This shakes Peter’s confidence; he expresses his fear that the team will lose to Globo-Gym and berates Steve for his childish pirate persona, causing Steve to leave the team.White offers Peter 0,000 for the deed to Average Joe’s, which Peter accepts.
Martha's suggesting the Master is the Doctor's sibling.
The idea was toyed with back in the 1970's as an unproduced story called "The Final Game", but a freak accident claimed the life of his first actor and the plot line where the Master was meant to die after confessing his identity as the Doctor's brother was scuttled.
This definition entered the populace when during a Q&A session at an Australian university, a young Aussie girl noted his tendency to do horrible things to on-screen couples, and to much laughter, said "We call it getting 'Jossed'".
Other sources also use this term as "shocking plot twist." This trope deals only with the "classic" definition. , where the fan theory is proven to be true by a twist that was planned all along, and Ascended Fanon, where the author decides to promote some fanon elements to canon status.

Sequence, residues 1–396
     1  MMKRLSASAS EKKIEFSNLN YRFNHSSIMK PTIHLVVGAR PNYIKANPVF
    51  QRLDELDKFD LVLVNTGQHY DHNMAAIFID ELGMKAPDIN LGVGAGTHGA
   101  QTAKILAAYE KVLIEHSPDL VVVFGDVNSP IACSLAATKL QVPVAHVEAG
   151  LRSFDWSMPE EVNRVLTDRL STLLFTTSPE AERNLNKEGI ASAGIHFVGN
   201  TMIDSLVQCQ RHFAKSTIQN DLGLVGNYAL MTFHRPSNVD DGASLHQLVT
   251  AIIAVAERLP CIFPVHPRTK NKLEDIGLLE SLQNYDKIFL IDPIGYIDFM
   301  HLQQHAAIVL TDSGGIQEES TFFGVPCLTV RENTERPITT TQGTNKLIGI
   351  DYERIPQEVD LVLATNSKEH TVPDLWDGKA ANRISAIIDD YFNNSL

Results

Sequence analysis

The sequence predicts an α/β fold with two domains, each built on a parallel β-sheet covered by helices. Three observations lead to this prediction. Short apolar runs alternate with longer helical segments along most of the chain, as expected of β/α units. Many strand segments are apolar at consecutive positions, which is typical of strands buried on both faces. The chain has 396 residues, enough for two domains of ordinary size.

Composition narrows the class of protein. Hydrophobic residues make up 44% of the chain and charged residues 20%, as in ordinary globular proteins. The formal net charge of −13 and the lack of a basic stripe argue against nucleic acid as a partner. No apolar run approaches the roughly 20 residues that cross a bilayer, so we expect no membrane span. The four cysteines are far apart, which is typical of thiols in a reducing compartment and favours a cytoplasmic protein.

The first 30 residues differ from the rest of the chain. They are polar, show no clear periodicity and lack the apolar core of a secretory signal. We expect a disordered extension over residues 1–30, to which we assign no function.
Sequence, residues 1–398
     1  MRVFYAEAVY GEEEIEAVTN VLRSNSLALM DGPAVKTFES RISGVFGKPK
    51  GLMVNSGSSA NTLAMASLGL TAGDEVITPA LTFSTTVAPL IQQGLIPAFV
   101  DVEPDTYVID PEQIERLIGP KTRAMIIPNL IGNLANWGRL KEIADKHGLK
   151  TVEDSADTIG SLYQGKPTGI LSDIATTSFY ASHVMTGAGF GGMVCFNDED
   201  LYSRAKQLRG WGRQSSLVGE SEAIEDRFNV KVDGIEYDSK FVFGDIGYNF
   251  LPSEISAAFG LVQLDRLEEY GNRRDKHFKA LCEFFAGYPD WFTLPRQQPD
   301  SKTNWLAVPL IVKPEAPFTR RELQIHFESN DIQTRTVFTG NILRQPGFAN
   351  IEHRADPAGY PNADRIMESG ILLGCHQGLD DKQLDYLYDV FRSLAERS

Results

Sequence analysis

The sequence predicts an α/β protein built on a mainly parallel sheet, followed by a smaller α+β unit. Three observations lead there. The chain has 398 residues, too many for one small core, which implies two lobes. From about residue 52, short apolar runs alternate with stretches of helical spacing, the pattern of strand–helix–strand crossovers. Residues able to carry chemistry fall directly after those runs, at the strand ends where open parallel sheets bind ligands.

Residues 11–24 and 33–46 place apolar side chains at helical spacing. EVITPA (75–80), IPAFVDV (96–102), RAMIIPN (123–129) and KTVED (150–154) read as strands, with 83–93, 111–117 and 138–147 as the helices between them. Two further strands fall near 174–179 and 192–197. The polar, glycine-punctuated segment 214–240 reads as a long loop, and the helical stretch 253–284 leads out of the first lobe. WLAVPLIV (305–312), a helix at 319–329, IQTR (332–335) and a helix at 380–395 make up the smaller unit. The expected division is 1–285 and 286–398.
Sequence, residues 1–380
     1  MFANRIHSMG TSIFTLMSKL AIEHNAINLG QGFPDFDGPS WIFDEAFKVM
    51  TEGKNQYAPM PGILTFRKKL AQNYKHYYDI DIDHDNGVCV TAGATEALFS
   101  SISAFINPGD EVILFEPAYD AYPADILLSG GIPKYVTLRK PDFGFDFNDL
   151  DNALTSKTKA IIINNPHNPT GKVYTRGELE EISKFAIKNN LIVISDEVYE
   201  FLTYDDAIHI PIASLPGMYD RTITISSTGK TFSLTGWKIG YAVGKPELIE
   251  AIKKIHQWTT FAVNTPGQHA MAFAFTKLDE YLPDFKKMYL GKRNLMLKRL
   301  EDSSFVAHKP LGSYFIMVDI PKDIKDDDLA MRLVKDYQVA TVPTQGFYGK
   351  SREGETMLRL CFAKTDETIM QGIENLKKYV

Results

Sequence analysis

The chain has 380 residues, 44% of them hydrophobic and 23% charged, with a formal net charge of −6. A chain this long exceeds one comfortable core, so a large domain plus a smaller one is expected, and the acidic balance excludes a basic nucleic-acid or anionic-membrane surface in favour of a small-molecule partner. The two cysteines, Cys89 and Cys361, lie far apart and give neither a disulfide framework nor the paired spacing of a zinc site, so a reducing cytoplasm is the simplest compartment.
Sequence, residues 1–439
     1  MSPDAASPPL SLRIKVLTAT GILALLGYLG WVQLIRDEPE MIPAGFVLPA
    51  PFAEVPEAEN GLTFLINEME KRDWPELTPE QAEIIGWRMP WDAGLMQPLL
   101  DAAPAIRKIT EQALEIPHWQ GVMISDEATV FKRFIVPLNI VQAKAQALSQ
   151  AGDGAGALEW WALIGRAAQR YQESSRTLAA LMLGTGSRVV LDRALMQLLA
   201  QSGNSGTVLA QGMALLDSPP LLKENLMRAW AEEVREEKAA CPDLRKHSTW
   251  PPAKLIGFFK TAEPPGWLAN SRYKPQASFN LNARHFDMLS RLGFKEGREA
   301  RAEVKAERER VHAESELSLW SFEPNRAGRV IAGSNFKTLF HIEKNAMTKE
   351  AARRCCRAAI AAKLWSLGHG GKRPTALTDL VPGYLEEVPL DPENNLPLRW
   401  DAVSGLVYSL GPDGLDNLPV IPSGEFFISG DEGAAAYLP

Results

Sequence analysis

Steve returns to the group after Peter apologizes to him.
He has appeared to have quit being a pirate until Peter rouses him back to his old self.
After a fierce game, Peter and White face off in a sudden-death match to determine the winner.
Inspired by a vision of Patches, Peter blindfolds himself and is able to dodge White’s throw and strike him, winning the championship and the prize money.
In extreme cases, critics and fans may invoke Death of the Author to preserve their interpretation of events.
Note that in some circles, the term "Jossed" refers to a gutwrenching main character death, which Whedon is also famous for.
When he defaults on the gym’s mortgage, it is purchased by his rival White Goodman (Ben Stiller), a fitness guru and owner of the successful Globo-Gym across the street.